Prenatal Exposure to Pesticides Slows DevelopmentLOADING...
Here’s another good reason to buy organic — The Organic Trade Association had published a press release revealing three studies linking prenatal exposure to pesticides to delayed cognitive development in children. This could be pesticide exposure from working with pesticides in the environment or exposure when eating foods high in pesticides residues. These cognitive delays include lowered IQ, impaired reasoning and impaired memory.
Dr. Chensheng (Alex) Lu of the Department of Environmental Health at the Harvard School of Public Health says of the study: “Less pesticide exposure during the maternal life stage means less risks to your babies for a variety of diseases that will only manifest years later. Since women eat more during their pregnancy, one significant way to reduce their pesticide exposure is to eat organic foods.” Dr. Lu was involved with previous research which found switching to organic produce made pesticide residues disappear from the urine of children as compared to their eating conventionally produced fruits and vegetables.
The first study enrolled a multiethnic prenatal population from Mount Sinai Center for Children’s Environmental Health, measuring the organophosphate levels in the urine of the third trimester subjects (organophosphates are insecticides that interfere with an insect’s nervous system). They then tested the children at 12 months of age for cognitive development. Their findings suggest “prenatal exposure to organophosphates negatively impacts cognitive development, particularly perceptual reasoning, with evidence of effects beginning at 12 months and continuing through early childhood.”
The second study was a little more intensive, following children as they aged, measuring their organophosphate exposure during pregnancy and at six months of age and then again at one, two, three and a half and five years. The researchers then administered an intelligence test for the children. What they found was children exposed to pesticides while in the womb had poorer intellectual development (postnatal exposure didn’t seem to make a difference).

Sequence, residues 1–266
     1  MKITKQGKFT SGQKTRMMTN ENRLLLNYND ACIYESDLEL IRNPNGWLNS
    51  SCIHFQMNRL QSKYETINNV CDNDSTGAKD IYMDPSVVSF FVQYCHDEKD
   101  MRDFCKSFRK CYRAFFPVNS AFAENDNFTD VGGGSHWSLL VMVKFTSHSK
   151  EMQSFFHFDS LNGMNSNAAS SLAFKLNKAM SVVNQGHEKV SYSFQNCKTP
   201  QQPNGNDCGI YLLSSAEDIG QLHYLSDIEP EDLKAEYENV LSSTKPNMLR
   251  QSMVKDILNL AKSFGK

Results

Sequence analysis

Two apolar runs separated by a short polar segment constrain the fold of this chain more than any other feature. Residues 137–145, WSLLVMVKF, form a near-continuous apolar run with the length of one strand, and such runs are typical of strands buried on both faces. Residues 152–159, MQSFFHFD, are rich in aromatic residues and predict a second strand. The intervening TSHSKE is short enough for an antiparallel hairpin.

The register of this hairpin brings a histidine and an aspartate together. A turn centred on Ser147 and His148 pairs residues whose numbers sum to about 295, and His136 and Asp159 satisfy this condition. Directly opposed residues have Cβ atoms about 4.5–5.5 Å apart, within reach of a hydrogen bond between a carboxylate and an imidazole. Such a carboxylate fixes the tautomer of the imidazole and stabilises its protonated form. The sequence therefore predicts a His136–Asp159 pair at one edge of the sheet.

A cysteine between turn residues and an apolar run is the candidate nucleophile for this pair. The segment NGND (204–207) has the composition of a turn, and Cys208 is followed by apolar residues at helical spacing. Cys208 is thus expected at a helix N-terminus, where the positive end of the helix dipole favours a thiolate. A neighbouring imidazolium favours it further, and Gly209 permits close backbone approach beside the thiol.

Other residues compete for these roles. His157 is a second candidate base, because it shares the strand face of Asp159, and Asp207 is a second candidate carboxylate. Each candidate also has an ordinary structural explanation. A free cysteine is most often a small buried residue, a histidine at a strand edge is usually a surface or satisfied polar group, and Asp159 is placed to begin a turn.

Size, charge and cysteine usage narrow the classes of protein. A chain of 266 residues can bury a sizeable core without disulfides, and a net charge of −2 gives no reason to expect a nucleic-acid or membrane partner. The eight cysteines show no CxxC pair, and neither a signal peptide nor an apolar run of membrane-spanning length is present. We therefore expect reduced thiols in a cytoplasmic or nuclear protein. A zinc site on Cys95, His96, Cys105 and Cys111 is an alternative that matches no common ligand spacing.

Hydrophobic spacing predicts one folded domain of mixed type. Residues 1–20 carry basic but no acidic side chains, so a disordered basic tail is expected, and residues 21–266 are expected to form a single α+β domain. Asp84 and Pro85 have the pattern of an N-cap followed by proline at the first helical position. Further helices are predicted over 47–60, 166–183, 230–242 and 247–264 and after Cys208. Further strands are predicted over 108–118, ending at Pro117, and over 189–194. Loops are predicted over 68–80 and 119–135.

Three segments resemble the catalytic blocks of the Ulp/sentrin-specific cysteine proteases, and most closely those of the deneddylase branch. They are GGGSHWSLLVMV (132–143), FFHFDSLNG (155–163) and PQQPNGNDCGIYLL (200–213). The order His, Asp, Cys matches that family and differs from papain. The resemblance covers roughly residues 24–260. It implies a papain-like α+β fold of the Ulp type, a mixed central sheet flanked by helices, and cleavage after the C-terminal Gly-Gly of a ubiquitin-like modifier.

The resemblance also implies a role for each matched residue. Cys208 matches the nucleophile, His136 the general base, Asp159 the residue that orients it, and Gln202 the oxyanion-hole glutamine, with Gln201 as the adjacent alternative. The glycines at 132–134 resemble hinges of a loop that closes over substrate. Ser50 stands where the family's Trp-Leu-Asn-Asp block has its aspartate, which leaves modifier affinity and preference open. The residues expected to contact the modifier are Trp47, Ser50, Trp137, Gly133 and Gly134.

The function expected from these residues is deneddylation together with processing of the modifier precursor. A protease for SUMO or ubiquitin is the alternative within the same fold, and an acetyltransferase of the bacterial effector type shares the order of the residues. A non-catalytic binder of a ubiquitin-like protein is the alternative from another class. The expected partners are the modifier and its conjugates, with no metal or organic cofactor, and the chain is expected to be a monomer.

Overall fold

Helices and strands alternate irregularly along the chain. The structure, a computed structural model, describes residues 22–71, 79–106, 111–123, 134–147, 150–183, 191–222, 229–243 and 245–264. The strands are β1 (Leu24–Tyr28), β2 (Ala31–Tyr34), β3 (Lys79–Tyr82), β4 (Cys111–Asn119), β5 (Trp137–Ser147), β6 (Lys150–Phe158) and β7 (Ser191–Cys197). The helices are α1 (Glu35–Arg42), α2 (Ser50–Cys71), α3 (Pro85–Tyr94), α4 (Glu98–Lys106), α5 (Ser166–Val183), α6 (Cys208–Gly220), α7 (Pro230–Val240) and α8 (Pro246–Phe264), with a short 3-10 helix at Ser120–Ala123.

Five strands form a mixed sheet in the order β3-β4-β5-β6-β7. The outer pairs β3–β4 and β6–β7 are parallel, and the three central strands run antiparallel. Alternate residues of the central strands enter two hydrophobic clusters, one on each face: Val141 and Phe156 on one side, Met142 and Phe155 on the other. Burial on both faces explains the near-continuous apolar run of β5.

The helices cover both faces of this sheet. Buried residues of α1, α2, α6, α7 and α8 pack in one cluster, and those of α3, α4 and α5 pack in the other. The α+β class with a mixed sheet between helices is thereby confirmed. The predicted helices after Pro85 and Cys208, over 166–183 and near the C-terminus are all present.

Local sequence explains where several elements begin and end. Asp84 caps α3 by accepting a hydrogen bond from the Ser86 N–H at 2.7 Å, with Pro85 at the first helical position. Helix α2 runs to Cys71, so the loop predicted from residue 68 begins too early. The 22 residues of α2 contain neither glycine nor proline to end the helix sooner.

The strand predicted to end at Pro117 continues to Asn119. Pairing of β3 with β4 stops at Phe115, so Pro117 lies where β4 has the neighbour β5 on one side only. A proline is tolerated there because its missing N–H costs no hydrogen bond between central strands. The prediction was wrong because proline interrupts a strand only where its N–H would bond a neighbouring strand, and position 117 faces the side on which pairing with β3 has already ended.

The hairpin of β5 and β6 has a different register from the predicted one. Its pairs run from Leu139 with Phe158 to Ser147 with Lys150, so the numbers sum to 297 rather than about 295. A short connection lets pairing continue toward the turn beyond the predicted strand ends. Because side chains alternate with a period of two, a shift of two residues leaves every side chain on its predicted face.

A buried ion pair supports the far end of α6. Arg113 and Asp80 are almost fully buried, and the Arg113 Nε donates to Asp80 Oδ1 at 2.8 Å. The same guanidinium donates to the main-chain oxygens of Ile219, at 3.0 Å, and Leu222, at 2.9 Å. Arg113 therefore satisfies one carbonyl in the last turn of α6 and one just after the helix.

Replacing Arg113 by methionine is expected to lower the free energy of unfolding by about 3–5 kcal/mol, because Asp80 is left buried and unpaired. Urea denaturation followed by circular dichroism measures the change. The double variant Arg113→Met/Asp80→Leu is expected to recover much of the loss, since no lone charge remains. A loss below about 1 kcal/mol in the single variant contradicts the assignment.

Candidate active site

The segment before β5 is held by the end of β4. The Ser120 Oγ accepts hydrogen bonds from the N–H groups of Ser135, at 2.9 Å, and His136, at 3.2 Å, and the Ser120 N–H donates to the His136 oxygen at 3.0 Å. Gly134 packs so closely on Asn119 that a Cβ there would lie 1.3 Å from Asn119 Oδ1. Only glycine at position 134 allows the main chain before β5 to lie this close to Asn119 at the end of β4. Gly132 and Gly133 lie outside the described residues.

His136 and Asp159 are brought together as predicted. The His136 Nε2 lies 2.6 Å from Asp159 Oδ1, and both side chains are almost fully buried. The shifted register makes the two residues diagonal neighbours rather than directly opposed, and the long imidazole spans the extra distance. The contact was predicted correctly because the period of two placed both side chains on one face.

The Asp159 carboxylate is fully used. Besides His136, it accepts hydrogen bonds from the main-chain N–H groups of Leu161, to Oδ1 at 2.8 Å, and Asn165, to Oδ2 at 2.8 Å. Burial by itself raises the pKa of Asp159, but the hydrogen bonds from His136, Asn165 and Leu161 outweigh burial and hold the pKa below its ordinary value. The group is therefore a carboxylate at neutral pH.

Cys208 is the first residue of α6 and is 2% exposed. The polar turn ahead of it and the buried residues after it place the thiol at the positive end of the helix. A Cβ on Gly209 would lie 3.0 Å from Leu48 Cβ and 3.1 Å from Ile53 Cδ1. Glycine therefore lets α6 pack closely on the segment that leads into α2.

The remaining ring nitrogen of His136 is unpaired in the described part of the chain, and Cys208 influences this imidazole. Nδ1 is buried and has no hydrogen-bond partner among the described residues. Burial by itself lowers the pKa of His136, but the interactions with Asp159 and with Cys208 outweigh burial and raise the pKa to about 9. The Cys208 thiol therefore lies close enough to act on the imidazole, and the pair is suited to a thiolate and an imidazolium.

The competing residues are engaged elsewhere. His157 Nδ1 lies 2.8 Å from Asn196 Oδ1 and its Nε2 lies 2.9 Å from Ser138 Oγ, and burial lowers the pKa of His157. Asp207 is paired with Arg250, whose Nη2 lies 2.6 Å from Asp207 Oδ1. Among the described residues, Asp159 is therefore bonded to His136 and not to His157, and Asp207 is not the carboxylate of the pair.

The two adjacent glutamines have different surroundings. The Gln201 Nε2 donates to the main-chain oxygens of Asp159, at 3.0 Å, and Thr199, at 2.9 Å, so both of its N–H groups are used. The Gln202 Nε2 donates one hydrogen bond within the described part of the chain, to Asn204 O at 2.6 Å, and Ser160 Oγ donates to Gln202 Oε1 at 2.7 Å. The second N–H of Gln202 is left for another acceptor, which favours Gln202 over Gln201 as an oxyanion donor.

Finally, the third study looked at the effects of prenatal exposure to chlorpyrifos (CPF), another pesticide, on the neurodevelopment of seven-year-olds. The authors had found, in a previous study, prenatal exposure to CPF was linked to neurodevelopmental problems in three-year-olds. The authors reported their findings: “Evidence of deficits in Working Memory Index and Full-Scale IQ as a function of prenatal CPF exposure at seven years of age. These findings are important in light of continued widespread use of CPF in agricultural settings and possible longer-term educational implications of early cognitive deficits.”
So, there you have it.
Exposing yourself to pesticides while you’re preggers could lead to cognitive development problems in your child. The best way to avoid pesticides, other than not working with them, is to eat organic produce. This is the only way to know for sure that you’re not ingesting them (since organic practices prohibit toxic chemicals being applied on the farm).
The Healthy Foodie is Doug DiPasquale, a Holistic Nutritionist and trained chef living in Toronto.